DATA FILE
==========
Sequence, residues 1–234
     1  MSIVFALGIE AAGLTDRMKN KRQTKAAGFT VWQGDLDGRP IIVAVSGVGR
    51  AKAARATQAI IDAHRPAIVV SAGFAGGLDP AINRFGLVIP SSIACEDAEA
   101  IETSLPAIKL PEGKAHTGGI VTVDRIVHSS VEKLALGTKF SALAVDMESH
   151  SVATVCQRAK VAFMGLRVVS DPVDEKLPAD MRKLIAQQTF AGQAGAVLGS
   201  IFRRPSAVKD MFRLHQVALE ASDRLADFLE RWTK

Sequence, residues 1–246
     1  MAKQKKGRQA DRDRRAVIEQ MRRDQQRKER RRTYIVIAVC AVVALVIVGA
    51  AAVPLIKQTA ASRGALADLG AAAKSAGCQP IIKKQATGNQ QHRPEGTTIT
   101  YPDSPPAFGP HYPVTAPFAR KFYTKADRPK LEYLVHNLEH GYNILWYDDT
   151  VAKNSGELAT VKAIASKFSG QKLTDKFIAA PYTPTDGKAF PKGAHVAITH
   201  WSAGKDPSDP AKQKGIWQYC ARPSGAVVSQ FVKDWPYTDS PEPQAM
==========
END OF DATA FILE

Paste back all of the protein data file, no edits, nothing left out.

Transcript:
Sequence, residues 1–234
     1  MSIVFALGIE AAGLTDRMKN KRQTKAAGFT VWQGDLDGRP IIVAVSGVGR
    51  AKAARATQAI IDAHRPAIVV SAGFAGGLDP AINRFGLVIP SSIACEDAEA
   101  IETSLPAIKL PEGKAHTGGI VTVDRIVHSS VEKLALGTKF SALAVDMESH
   151  SVATVCQRAK VAFMGLRVVS DPVDEKLPAD MRKLIAQQTF AGQAGAVLGS
   201  IFRRPSAVKD MFRLHQVALE ASDRLADFLE RWTK

Sequence, residues 1–246
     1  MAKQKKGRQA DRDRRAVIEQ MRRDQQRKER RRTYIVIAVC AVVALVIVGA
    51  AAVPLIKQTA ASRGALADLG AAAKSAGCQP IIKKQATGNQ QHRPEGTTIT
   101  YPDSPPAFGP HYPVTAPFAR KFYTKADRPK LEYLVHNLEH GYNILWYDDT
   151  VAKNSGELAT VKAIASKFSG QKLTDKFIAA PYTPTDGKAF PKGAHVAITH
   201  WSAGKDPSDP AKQKGIWQYC ARPSGAVVSQ FVKDWPYTDS PEPQAM